Journal of Gerontology & Geriatric Medicine Category: Medical Type: Research Article

Prognostic Value of Sleep Disturbances in Covid-19 Patients

Renzo Rozzini1* and Angelo Bianchetti2
1 Geriatric department, Fondazione Poliambulanza Istituto Ospedaliero, Via Bissolati 57 - 25124 Brescia, Italy
2 Medicine and rehabilitation department, Istituto Clinico S Anna, Gruppo San Donato, Brescia, Italy

*Corresponding Author(s):
Renzo Rozzini
Geriatric Department, Fondazione Poliambulanza Istituto Ospedaliero, Via Bissolati 57 - 25124 Brescia, Italy

Received Date: Sep 21, 2022
Accepted Date: Oct 03, 2022
Published Date: Oct 10, 2022


Study objectives: To evaluate sleep disorders in hospitalized patients with respiratory failure due to COVID-19 and assess their potential association with prognosis. 

Methods: The association between sleep disturbances and in hospital mortality in 1337 COVID-19 patients was assessed. 

Results: Sleep disturbances were higher in older patients and in severe infections compared with non-severe infections. Sleep disturbances were associated with in-hospital mortality, and in a Cox regression analysis maintain their independent association also after controlling for potential confounders (SARS-CoV-2 infection severity, sex, age and age-related diseases, i.e., coronary heart diseases and Chronic Kidney Disease (CKD). 

Conclusion: Sleep disturbances should be considered a poor prognostic marker in COVID-19 patients.


Aging; Comorbidity; COVID-19; Sleep disturbances


ACE2: Angiotensin-Converting Enzyme 2

ARDS: Acute Respiratory Distress Syndrome

CKD: Chronic Kidney Disease

COVID-19: Corona Virus Disease 19

CRP: C-reactive Protein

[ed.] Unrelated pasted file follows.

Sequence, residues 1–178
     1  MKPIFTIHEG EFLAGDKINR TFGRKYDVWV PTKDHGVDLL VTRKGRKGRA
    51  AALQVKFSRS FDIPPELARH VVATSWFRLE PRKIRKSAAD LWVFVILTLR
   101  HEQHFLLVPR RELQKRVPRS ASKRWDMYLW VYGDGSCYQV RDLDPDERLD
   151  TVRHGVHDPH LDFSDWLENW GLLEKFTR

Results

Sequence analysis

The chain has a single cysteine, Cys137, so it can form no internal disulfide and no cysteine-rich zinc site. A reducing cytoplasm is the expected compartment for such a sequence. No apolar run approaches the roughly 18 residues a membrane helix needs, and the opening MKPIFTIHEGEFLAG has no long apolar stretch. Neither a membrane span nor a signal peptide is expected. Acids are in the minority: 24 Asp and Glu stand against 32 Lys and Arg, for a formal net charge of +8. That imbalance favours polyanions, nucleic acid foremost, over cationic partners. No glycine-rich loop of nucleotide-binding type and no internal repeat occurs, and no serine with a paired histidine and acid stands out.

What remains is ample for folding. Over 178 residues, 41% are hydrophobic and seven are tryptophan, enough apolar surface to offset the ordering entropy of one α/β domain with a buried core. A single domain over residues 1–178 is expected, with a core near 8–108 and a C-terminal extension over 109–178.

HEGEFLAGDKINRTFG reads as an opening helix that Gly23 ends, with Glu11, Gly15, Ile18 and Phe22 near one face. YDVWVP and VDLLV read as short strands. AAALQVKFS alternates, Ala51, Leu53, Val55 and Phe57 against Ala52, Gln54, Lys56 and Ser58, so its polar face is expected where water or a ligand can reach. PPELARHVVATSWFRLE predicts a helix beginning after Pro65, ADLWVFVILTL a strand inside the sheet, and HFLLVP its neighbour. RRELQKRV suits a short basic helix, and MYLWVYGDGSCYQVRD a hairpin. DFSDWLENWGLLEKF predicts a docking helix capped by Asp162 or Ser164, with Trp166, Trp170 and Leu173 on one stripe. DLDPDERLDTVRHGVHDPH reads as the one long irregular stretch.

IL-6: Interleukin-6

PaO2/FiO2: Arterial Oxygen Partial Pressure (PaO2)/ Fractional Inspired Oxygen (FiO2)

SIAARTI: Italian Society of Anesthesiology, Analgesia, Resuscitation and Intensive Care

SIMIT: Italian Society for Infectious and Tropical Diseases

TNF: Tumor Necrosis Factor


The major complications of COVID-19 are respiratory (interstitial pneumonia, pulmonary embolism), renal and cardiac. Neurological symptoms are also described, and among them agitation and confusion (which are common in delirium syndrome) are frequently reported [1-3]. Previous reports indicate that about 50% of patients infected with Sars-Cov2 developed sleep disorders [4]. Despite a large body of literature, the association between sleep duration and mortality risk is not clear demonstrated [5]. Aim of this study is to evaluate sleep disorders in a large group of hospitalized patients with respiratory failure due to COVID-19 and assess their potential association with prognosis.


Our hospital (Fondazione Poliambulanza Istituto Ospedaliero) is located in Brescia, in the region of Lombardy, east of Milan, the area with the highest rate of SARS-CoV-2 infection and death in Italy. During the period between March 1 and April 30, 2020, 1337patients were admitted to hospital affected by COVID-19 [6]. Information collected were age, sex, PaO2/FiO2, chest X Ray or computed tomography, comorbidities (ischemic heart disease, hypertension, diabetes, malignancies, neurodegenerative diseases), laboratory tests and treatments performed (antibiotics, antivirals, corticosteroids, tocilizumab and oxygen therapy: i.e., from nasal cannula to high flow cannula oxygen therapy to invasive ventilation). 

Severity of SARS-CoV-2 infection was assessed by Italian Society of Anesthesiology, Analgesia, Resuscitation and Intensive Care (SIAARTI) criteria: pneumonia Stage III (PaO2/FiO2 ratio >300); pneumonia Stage IV- mild Acute Respiratory Distress Syndrome (ARDS) (200<PaO2/FiO2<300), Stage IV-moderate ARDS (100<PaO2/FiO2<200) and Stage IV-severe ARDS (PaO2/FiO2 <100mmHg) [7]. All patients were treated according to the Italian Society for Infectious and Tropical Diseases (SIMIT) Guideline [8].